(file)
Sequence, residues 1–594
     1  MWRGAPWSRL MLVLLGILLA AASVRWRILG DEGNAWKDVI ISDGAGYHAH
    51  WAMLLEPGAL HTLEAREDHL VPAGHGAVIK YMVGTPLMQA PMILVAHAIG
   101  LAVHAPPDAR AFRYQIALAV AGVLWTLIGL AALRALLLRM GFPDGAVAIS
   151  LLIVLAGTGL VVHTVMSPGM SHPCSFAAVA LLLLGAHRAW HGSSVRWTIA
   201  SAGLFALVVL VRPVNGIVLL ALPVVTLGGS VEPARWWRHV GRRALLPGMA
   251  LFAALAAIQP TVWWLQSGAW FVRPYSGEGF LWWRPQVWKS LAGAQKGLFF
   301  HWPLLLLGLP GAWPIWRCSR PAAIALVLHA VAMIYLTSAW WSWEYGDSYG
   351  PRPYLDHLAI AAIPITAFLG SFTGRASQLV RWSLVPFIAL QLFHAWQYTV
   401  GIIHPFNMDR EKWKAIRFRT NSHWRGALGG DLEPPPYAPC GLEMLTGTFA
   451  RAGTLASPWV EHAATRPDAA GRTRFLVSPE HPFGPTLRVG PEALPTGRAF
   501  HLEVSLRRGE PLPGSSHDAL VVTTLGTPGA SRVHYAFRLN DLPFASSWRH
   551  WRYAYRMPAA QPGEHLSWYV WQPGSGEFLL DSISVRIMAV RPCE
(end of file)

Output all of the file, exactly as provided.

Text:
Sequence, residues 1–594
     1  MWRGAPWSRL MLVLLGILLA AASVRWRILG DEGNAWKDVI ISDGAGYHAH
    51  WAMLLEPGAL HTLEAREDHL VPAGHGAVIK YMVGTPLMQA PMILVAHAIG
   101  LAVHAPPDAR AFRYQIALAV AGVLWTLIGL AALRALLLRM GFPDGAVAIS
   151  LLIVLAGTGL VVHTVMSPGM SHPCSFAAVA LLLLGAHRAW HGSSVRWTIA
   201  SAGLFALVVL VRPVNGIVLL ALPVVTLGGS VEPARWWRHV GRRALLPGMA
   251  LFAALAAIQP TVWWLQSGAW FVRPYSGEGF LWWRPQVWKS LAGAQKGLFF
   301  HWPLLLLGLP GAWPIWRCSR PAAIALVLHA VAMIYLTSAW WSWEYGDSYG
   351  PRPYLDHLAI AAIPITAFLG SFTGRASQLV RWSLVPFIAL QLFHAWQYTV
   401  GIIHPFNMDR EKWKAIRFRT NSHWRGALGG DLEPPPYAPC GLEMLTGTFA
   451  RAGTLASPWV EHAATRPDAA GRTRFLVSPE HPFGPTLRVG PEALPTGRAF
   501  HLEVSLRRGE PLPGSSHDAL VVTTLGTPGA SRVHYAFRLN DLPFASSWRH
   551  WRYAYRMPAA QPGEHLSWYV WQPGSGEFLL DSISVRIMAV RPCE